Fourth, the majority itself expresses lack of understanding as to why the hearing examiner and the circuit court concluded that no written consent was necessary, in light of W. Va. Code 30-3-14(c)(14), which expressly requires "full, informed and written consent." Id. (emphasis added). Yet the majority goes on to criticize the Board for offering no explanation for its action "by which we might be enlightened." Here it seems rather obvious that the Board looked at the statute and followed it.

    Fifth, I must respond to the gratuitous "guidance" offered by the majority with respect to the proper contents and form of a full, informed and written consent. The majority acknowledges that resolution of the issue of the content of such a consent involves complex issues of patient care and treatment, yet suggests that the Board might better deal with this matter by the issuance of a regulation rather than in a contested administrative proceeding. The majority's own reasoning seems, however, to bode against such an approach. Given the rapid advances in medicine in recent years, the complexity of individual medical questions, and the obvious tenor of the majority (with which I concur) that medicine must be at least willing to consider alternative, even experimental, therapeutic approaches in determining what is and is not acceptable treatment, the creation of a regulation that would effectively resolve the issue of what constitutes a full informed consent in every context would be an almost impossible task.

    Lastly, I address the majority's conclusion that the Board arbitrarily imposed the requirement that Dr. Modi submit to any insurance carrier for a patient undergoing depossession therapy a copy of the previously approved informed consent form signed by the subject patient. While I agree with the majority's conclusion, I want to clarify that, on remand, if it once again is determined that Dr. Modi's treatment is experimental, and not one recognized by reasonable, responsible physicians in the same specialty, then the Board might be well within its authority to determine that billing an insurance company for psychotherapy could constitute a violation West Virginia Code § 30-3-14(c)(5), for which Dr. Modi could be disciplined. Specifically, West Virginia Code § 30-3-14(c)(5) provides, in pertinent part, that "[t]he board . . . may discipline a physician . . . licensed or otherwise lawfully practicing in this state who, after a hearing, has been adjudged by the board as unqualified due to any of the following reasons: . . . (5) Making or filing a report that the person knows to be false [(i.e. filing a claim for psychotherapy after a legal determination has been made that depossession therapy is experimental and does not fall within the accepted definition of psychotherapy)] . . . . Id. Thus, the Board could discipline Dr. Modi for such conduct; however, the sanction for such discipline must fall within the provisions of West Virginia Code § 30-3-14(i). See supra note 11 of majority opinion. Simply stated, directing the method in which a physician must bill an insurance carrier is not an available sanction under West Virginia Code § 30-3-14(i), where the Board determines that a violation of West Virginia Code § 30-3-14(c)(5) occurred.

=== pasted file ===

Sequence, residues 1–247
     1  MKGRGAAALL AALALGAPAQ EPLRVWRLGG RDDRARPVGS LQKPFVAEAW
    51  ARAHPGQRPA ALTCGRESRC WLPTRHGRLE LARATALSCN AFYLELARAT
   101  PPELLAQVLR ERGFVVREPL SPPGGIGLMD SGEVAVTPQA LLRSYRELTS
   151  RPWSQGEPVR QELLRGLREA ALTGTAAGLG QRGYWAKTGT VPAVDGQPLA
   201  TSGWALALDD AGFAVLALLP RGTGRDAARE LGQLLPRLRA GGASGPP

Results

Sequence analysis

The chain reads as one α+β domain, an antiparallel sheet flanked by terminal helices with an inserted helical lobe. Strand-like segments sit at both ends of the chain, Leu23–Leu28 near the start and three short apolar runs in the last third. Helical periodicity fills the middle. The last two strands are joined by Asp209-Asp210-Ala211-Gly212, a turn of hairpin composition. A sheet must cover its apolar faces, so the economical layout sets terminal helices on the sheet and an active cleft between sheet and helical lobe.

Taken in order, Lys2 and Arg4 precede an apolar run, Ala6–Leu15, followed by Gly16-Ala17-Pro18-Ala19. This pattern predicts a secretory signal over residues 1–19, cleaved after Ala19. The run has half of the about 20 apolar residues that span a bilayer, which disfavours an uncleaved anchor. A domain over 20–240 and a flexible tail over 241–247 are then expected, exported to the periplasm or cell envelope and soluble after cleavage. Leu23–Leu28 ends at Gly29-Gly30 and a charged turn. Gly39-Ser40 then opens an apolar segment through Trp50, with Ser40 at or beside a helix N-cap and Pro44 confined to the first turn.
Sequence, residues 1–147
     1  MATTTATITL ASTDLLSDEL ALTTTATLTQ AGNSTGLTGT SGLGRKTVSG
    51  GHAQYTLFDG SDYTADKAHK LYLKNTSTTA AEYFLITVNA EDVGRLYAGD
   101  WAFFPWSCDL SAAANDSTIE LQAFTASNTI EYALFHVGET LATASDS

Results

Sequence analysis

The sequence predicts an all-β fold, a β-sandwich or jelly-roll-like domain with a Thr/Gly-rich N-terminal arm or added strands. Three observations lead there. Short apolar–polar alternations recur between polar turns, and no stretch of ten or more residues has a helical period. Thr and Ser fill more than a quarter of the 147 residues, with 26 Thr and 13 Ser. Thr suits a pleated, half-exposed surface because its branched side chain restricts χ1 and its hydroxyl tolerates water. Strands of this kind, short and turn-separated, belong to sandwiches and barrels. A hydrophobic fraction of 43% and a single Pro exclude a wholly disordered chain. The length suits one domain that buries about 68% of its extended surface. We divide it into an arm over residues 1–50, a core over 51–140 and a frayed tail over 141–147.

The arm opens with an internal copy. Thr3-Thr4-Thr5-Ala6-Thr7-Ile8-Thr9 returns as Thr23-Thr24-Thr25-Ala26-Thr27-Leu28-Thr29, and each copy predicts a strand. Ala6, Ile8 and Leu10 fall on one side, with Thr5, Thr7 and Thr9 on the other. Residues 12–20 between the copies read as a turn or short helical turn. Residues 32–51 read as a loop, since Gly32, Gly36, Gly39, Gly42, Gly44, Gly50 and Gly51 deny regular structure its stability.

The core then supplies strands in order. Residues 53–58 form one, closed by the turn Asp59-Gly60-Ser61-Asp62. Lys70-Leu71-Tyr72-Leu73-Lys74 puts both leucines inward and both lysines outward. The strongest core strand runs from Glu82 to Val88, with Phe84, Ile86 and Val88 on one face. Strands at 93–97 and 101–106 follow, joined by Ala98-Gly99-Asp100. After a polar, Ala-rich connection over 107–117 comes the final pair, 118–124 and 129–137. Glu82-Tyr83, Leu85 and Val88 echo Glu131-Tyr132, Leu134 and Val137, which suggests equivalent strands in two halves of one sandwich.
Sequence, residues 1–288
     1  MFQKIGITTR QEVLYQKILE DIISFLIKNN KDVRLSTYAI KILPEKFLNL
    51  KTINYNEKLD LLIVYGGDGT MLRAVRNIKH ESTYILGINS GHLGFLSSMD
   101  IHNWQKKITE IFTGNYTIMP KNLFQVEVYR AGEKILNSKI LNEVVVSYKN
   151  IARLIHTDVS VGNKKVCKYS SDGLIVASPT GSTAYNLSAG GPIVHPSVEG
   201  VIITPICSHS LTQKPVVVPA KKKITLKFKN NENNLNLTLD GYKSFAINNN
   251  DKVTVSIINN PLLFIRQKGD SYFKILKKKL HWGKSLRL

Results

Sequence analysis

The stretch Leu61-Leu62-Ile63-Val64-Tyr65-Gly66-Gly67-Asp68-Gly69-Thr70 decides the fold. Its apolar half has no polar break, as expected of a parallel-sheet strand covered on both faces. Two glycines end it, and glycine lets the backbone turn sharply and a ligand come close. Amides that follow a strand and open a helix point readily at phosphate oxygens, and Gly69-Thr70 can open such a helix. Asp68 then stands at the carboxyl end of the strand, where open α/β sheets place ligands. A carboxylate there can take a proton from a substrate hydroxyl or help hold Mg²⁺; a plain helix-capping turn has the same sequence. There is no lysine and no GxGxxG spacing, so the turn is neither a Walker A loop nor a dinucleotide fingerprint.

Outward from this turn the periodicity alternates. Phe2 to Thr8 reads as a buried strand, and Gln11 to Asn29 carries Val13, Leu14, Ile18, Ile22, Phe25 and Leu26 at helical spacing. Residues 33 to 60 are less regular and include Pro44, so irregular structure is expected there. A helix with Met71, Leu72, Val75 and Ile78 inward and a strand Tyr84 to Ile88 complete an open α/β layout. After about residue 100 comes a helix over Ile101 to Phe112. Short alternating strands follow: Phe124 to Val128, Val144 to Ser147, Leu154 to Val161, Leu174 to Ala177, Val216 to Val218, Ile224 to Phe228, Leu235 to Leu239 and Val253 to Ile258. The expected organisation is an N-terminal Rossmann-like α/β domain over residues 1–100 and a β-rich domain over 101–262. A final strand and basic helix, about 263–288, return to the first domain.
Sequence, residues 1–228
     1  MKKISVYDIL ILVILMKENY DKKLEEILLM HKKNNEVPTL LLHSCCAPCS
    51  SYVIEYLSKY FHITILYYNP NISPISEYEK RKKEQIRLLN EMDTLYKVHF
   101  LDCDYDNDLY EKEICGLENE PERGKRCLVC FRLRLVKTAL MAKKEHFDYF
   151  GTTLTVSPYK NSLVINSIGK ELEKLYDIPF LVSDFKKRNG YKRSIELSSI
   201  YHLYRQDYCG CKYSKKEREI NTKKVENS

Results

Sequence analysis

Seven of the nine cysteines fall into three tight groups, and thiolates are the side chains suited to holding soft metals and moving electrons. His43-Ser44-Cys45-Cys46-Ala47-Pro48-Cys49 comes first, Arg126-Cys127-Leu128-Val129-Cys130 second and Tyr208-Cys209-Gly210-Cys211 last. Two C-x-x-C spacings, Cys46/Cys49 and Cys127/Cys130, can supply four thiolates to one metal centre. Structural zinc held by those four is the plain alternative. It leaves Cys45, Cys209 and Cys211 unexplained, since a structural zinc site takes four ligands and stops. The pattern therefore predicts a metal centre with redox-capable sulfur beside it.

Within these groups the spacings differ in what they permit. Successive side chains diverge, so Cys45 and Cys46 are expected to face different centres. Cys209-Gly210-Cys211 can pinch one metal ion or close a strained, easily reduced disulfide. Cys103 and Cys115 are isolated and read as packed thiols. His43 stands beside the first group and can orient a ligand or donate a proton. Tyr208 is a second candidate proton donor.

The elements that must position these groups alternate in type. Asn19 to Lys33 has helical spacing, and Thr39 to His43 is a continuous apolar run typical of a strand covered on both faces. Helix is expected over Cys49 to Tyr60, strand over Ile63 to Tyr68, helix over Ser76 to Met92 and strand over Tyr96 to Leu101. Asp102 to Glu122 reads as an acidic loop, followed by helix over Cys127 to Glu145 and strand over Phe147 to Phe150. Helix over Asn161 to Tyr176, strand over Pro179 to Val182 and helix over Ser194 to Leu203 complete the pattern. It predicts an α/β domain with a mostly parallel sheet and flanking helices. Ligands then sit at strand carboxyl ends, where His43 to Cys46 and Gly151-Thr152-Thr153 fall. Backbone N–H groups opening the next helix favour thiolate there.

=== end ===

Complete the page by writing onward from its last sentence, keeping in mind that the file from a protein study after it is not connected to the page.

Consequently, while I disagree with some of the majority's reasoning and at least one of their primary bases for reversal (relating to the issue of experimental treatment and written consent), I concur in the opinion because I believe the Board failed to give a reasoned, articulate statement of the reasons for its amended findings and conclusions, and it should be required to do so.


Footnote: 1 1Syllabus point five of the majority opinion gives the Board a broader scope of review with regard to findings of fact than has been accorded other administrative agencies. Generally, "[e]videntiary findings made [by a hearing examiner] at an administrative hearing should not be reversed unless they are clearly wrong." Randolph County Bd. of Educ. v. Scalia, 182 W. Va. 289, 292, 387 S.E.2d 524, 527 (1989); see generally Syl. Pt. 5, Frymier- Halloran v. Paige, 193 W. Va. 687, 458 S.E.2d 780 (1995); Syl. Pt. 3, Butcher v. Gilmer County Bd. of Educ., 189 W. Va. 253, 429 S.E.2d 903 (1993); Syl., West Virginia Dep't of Health v. West Virginia Civil Serv. Comm'n, 178 W. Va. 237, 358 S.E.2d 798 (1987); Syl. Pt. 2, Vosberg v. Civil Serv. Comm'n, 166 W. Va. 488, 275 S.E.2d 640 (1981). However, 11 West Virginia Code of State Rules § 11-3-13.2 (1994) apparently confers more latitude to the Board in its review of a hearing examiner's findings of fact. That rule provides, in pertinent part, that "[t]he hearing examiner shall submit written findings of fact and conclusions of law to the Board pursuant to West Virginia code section three, article five, chapter twenty-nine-a, and the Board may adopt, modify or reject such findings of fact and conclusions of law." Id.; see Berlow v. West Virginia Bd. of Medicine, 193 W. Va. 666, 458 S.E.2d 469 (1995).